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Eye Writer
Eye Writer

Eyewriter is an Eye tracking system device for measuring eye movement. Its purpose is to allow visual artists with very limited or no bodily movement to draw using their eyes. The hardware is DIY and low-cost. The software has been developed using OpenFrameworks, a cross platform c++ library for creative development.

The core development team consists of members of the Free Art and Technology Lab (F.A.T Lab),OpenFrameworks (Theo Watson, Chris Sugrue and Zachary Lieberman), the members of the Graffiti Research Lab (Evan Roth, James Powderly), and the graffiti artist Tony Quan (Tempt One).



According to its creators:

In early 2009, NY based artist and programmer Zachary Lieberman and a group formed by members of Free Art and Technology (FAT), OpenFrameworks and the Graffiti Research Lab were contacted to help develop drawing software to help Tony Quan (aka Tempt1), L.A. based graffiti artist, to draw again after 5 years of paralysis caused by Amyotrophic lateral sclerosis (ALS).

The team worked on a project based on an eye-tracking system, an existing adaptive technology device for measuring eye positions and eye movement. This system allows for the eyes to act as controllers of the system, instead of the hands.[1]


The software interprets the movement of the eye’s pupil as the cursor on the screen of a program for drawing. The cursor moves as the pupil gazes over the screen, guiding it over the buttons and commands to select tools and draw. The movements are recorded by a single camera mounted on a pair of glasses, with infrared LEDs that illuminate the eye and create a dark pupil effect. The software reads the image from the camera and interprets the pupil as a black dot positioned on a grid (page layout), which can move as a mouse cursor that’s been guided with the eye instead of with the hand.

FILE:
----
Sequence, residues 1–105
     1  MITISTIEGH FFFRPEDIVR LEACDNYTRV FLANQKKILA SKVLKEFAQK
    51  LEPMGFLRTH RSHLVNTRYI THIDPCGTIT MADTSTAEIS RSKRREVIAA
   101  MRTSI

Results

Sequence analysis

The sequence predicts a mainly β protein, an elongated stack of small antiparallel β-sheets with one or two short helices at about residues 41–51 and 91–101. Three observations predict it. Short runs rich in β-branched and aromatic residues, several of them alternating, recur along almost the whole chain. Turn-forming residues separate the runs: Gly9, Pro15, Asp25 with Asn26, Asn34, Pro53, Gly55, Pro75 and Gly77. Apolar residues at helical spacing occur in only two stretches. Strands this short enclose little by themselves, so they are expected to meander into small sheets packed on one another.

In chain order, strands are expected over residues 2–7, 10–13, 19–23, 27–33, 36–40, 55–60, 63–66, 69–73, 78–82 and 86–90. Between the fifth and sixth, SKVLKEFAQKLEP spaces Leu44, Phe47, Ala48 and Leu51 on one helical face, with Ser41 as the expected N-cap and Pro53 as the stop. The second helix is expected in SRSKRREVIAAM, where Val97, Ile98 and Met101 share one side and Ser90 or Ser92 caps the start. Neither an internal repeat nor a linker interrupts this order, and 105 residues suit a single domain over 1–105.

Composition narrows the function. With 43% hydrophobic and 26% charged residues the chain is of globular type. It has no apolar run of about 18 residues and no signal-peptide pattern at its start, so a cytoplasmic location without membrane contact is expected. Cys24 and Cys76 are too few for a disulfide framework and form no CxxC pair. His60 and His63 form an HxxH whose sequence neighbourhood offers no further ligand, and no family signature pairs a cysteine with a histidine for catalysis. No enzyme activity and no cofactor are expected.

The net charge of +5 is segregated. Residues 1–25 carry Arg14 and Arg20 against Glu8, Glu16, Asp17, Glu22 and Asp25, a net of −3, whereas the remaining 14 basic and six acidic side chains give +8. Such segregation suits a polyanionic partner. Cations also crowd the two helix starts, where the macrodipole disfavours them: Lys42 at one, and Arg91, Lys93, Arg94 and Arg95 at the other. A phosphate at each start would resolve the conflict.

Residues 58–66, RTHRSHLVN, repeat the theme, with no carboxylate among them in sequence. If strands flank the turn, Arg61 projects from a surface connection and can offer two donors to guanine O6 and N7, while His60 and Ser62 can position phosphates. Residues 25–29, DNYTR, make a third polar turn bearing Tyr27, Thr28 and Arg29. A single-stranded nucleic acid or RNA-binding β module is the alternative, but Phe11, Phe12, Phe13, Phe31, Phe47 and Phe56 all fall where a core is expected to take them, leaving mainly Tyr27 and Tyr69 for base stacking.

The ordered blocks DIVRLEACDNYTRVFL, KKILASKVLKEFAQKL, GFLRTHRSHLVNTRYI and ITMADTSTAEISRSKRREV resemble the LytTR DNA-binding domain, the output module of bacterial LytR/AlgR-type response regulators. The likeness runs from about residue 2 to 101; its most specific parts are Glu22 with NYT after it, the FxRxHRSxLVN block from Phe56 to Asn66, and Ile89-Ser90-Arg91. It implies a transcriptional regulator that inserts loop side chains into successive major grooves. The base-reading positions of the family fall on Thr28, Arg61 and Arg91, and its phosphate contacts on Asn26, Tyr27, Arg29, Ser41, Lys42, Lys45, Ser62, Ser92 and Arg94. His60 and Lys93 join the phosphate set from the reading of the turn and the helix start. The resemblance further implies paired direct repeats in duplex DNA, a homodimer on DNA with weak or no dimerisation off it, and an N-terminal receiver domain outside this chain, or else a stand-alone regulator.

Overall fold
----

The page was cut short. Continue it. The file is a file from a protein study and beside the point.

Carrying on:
The program allows the user to draw, manipulate and style a graffiti tag designed on the screen. It relies on a time-based interface that triggers the “click” effect when focusing the eye on a position for a few seconds, substituting the point-and-click action of a manual mouse. This interface is used to select/deselect commands and tools, and initiate/finish the traces on the grid.

The program guides the user through the process of creating a graffiti tag, guiding him or her through the steps of tracing the letters, and altering size, stroke, shadowing, coloring, and special effects. The finalized tags are saved into an FTP to be projected on a wall or other type of surface.[2]

How To

  1. For software development:
  2. For DIY hardware:
  3. For ongoing development process:
  4. Series of explanatory videos:

Conferences and Awards

The project has been presented at the BLK River Festival in Vienna, CREAM International Festival for Arts and Media in Yokohama, Japan; and the Nuart Festival in Norway. It was completely re-fabricated at the Bombay TechFest 2009.[3] It won the interactive category at the Design Museum “designs of the year” awards.[4]

Further Development

The Ewewriter is an ongoing project under development. It is being developed by the students of the Collaboration Studios[5] at the New School’s Parson School of Design, in New York City. During the Spring 2010 school term, that class is being taught by Zachary Lieberman, one of the Eyewriter’s main developers.


The project has received funding support from The Ebeling Group (TEG), the Not Impossible Foundation[6], and addition support from Parsons, The New School for Design, Communication Design & Technology.

External Links


  1. The Eye Writer
  2. Lara, Jimena. Empathy, not sympathy: DIY, custom-made assistive technology. March 9, 2010. Accessed April 25, 2010.
  3. Eye Writer's live show at IIT techfest mumbai. YouTube. January 26, 2010. Accessed April 25, 2010.
  4. Members of Free Art and Technology, Graffiti Research Lab, openFrameworks, The Ebeling Group and Tony Quan - The EyeWriter, USA February 10, 2010. Free Art and Technology (FAT) Lab. Accessed April 25, 2010
  5. Eyewriter Collab
  6. Not Impossible Foundation